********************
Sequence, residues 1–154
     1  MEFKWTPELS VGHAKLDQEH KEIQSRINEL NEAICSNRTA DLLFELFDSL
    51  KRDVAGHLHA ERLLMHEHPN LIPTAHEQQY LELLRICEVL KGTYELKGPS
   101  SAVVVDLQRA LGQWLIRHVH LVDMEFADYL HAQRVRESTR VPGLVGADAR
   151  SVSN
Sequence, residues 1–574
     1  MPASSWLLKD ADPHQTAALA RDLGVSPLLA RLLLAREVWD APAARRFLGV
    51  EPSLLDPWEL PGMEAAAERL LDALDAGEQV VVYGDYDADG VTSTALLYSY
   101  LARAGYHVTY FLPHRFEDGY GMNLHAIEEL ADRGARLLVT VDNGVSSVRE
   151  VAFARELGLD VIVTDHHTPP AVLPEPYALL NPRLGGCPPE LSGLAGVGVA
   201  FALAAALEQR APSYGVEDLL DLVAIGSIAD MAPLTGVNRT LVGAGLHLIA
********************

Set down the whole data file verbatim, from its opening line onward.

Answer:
Sequence, residues 1–154
     1  MEFKWTPELS VGHAKLDQEH KEIQSRINEL NEAICSNRTA DLLFELFDSL
    51  KRDVAGHLHA ERLLMHEHPN LIPTAHEQQY LELLRICEVL KGTYELKGPS
   101  SAVVVDLQRA LGQWLIRHVH LVDMEFADYL HAQRVRESTR VPGLVGADAR
   151  SVSN
Sequence, residues 1–574
     1  MPASSWLLKD ADPHQTAALA RDLGVSPLLA RLLLAREVWD APAARRFLGV
    51  EPSLLDPWEL PGMEAAAERL LDALDAGEQV VVYGDYDADG VTSTALLYSY
   101  LARAGYHVTY FLPHRFEDGY GMNLHAIEEL ADRGARLLVT VDNGVSSVRE
   151  VAFARELGLD VIVTDHHTPP AVLPEPYALL NPRLGGCPPE LSGLAGVGVA
   201  FALAAALEQR APSYGVEDLL DLVAIGSIAD MAPLTGVNRT LVGAGLHLIA